As mentioned in Haaretz, Israel’s longest-running newspaper, there were other, better ways of doing this:

Cryptographers said simple solutions could be quickly implemented to secure the document. For example, they note using a unique “digital signature” (as opposed to just a scannable code) which would be scannable and could serve as a way to validate the originality of the document. 

In response to Check Point’s findings, the Health Ministry stated they were aware of the issue, and that it, and other issues were being addressed.

Digital signing of PDF documents or certificates

Ticket vendors often use HMAC-based tokens to make tickets harder to forge. These tokens are built using symmetric cryptography: they require the issuer and the verifier to share a secret ahead of time. Such an approach is perfectly fine if the verifying party is the same (or closely related to) the issuing party. However, if the relationship between the parties is an asymmetric one, relying on HMAC alone is dangerous, since anyone with the ability to verify tokens can also create valid tokens!

Israel's Green Pass falls into the latter category: since these passes are intended to be used for admittance to venues, venue operators also need to be able to verify their authenticity. On the other hand, it's probably safe to say that the Israeli government wouldn't want them to be able to produce their own Green Passes.

Situations like this call for a solution based on public-key cryptography, which is supported in PDF digital signatures. A digitally signed PDF file can be validated by anyone, without giving them the ability to forge their own copies. Attaching a digital signature to a printed document is also easy: it suffices to include a QR code linking back to a signed electronic copy.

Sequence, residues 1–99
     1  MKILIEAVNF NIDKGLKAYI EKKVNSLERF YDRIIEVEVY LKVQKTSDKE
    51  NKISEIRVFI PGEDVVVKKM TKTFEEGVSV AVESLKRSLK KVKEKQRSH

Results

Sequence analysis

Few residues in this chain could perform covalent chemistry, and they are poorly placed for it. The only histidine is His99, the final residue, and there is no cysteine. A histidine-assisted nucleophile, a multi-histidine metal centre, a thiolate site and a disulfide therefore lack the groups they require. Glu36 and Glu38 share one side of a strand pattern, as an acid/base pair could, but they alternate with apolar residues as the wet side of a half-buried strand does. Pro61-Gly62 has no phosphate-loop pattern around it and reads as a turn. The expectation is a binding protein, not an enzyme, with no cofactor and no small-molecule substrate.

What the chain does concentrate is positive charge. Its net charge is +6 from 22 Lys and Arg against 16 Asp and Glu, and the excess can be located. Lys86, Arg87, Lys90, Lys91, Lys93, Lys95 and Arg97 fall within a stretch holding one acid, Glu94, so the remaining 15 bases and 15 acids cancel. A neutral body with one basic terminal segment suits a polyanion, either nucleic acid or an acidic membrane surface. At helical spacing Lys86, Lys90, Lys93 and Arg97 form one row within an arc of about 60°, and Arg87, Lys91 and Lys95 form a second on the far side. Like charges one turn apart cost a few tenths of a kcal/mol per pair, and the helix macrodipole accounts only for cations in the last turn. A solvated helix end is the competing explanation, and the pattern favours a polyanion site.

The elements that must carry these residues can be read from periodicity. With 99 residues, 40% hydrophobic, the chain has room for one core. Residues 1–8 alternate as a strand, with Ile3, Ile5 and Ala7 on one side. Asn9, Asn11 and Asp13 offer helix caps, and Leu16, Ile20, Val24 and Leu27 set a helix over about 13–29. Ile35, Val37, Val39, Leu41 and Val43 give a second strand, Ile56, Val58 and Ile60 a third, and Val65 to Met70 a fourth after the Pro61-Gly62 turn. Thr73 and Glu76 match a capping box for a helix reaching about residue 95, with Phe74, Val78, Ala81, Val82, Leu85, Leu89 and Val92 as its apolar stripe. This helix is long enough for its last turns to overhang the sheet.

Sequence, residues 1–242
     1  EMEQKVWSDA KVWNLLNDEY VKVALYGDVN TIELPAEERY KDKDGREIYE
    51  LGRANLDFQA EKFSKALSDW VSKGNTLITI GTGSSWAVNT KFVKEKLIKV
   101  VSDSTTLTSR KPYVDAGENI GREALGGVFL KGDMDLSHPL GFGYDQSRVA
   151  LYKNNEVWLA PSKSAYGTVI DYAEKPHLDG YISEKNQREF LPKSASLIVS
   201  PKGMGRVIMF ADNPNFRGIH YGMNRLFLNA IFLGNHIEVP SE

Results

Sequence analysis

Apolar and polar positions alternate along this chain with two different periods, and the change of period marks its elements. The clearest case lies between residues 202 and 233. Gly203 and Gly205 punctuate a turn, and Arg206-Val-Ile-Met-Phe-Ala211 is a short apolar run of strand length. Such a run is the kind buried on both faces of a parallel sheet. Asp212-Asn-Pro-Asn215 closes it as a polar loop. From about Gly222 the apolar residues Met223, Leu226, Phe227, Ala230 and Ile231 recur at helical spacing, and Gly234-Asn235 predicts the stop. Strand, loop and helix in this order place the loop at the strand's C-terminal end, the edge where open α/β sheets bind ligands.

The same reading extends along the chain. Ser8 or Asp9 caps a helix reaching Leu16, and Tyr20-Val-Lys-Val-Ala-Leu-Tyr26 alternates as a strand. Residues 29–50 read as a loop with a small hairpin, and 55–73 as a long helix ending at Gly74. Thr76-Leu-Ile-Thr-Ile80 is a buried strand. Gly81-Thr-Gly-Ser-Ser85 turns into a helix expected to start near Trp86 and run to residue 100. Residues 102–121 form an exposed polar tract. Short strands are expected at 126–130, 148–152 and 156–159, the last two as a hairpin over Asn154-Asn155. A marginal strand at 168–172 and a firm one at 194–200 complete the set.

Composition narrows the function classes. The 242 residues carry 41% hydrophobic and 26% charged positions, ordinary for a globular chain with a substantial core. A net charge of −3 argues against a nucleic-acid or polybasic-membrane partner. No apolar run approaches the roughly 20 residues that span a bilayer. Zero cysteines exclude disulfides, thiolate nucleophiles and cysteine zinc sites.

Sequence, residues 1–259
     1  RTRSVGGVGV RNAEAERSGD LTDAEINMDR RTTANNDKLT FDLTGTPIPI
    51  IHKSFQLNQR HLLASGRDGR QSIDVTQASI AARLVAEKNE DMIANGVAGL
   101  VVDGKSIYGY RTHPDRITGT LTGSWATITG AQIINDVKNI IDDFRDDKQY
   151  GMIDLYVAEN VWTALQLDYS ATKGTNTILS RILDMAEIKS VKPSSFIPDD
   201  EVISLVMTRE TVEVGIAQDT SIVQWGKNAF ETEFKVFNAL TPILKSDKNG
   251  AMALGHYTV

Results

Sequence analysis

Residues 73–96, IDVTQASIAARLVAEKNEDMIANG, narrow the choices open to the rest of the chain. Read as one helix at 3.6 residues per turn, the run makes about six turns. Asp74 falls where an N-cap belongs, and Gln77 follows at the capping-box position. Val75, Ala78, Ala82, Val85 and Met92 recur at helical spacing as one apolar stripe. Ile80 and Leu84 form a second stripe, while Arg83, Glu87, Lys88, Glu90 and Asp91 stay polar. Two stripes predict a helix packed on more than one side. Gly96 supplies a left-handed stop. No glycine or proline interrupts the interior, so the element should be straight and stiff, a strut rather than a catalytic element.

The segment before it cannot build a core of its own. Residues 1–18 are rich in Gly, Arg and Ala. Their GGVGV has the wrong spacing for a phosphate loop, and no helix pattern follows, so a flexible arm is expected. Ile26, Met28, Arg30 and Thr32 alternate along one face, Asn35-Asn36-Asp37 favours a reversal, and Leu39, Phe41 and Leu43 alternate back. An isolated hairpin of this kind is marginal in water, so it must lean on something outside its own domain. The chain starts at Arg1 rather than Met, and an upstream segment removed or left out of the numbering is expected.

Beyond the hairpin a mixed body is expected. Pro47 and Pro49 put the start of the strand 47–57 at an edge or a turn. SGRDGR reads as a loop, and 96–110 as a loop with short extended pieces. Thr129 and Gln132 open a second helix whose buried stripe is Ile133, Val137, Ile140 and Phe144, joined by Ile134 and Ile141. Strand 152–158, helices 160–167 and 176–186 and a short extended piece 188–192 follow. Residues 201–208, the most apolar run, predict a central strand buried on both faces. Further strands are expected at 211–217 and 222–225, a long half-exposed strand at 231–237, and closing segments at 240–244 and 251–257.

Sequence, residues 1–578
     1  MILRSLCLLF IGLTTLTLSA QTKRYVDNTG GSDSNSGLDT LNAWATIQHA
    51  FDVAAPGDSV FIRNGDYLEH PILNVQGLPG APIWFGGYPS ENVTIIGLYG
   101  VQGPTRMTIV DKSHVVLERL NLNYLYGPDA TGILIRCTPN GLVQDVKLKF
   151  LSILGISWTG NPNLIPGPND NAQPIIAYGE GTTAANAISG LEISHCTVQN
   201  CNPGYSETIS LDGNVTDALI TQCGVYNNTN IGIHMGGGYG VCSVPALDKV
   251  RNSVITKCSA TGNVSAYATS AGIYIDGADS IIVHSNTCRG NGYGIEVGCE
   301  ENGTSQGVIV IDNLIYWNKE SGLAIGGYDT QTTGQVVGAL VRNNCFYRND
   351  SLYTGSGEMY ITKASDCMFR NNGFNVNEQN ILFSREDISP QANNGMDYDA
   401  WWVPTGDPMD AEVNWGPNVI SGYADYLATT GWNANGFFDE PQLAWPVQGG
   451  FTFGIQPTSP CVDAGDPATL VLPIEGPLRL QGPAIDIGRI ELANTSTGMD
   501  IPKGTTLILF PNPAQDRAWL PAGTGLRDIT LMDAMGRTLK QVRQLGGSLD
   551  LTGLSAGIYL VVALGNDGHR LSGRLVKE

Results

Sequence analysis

Note: Digital signatures don't work on printed documents (since paper isn’t digital), unless there's a QR code linking back to the signed PDF document.

Will Europe make the same mistake?

EU leaders are currently looking into the adoption of a common approach on the issue, diplomatic sources said. As Euractiv reports.

In an attempt to roll back travel restrictions currently in place across Europe, Austrian Chancellor Sebastian Kurz has proposed to introduce a “green pass” for those who do not pose a health risk.


According to Kurz, three categories of people would be granted such a pass: those who already received the vaccine, those who have already been infected, and those who have been tested very recently.

Deutsche Well reported on the last EU coronavirus summit

Vaccine certificates expected by summer. European Union leaders have met virtually to hash out coronavirus issues. Progress was promised on vaccines, though questions remain over border closings and travel

Governments issue PDF certificates generated with iText DITO

iText DITO, the data-driven, template-based PDF generator simplifies the process of creating and maintaining PDFs. This tool has been successfully used by other government agencies before for PDF certification creation (without being digitally signed). The DABS (Databank voor de Akten van Burgerlijke Stand or Database of Civil Registry Records) project was initiated by the Belgian government and they use iText DITO® to revolutionize citizen certification inside (and outside) Belgium. This cooperative project between the Department of Justice, Department of Internal Affairs (including the National Register), Department of Foreign Affairs, Municipalities and Consulates and many other government departments is an initiative that has been coordinated by the Dienst Administratieve Vereenvoudiging (DAV) or Administrative Simplification Service.

Questions about digitally signing your PDF certificates with iText 7?

You can learn from the experiences of others. By sharing these lessons learned you can avoid the same mistake all over again. Help iText understand your specific situation and digital signing challenge with PDF certificates or documents and our experts will advice you on how to proceed.

Ask an expert about digitally signing your PDF certificates with iText 7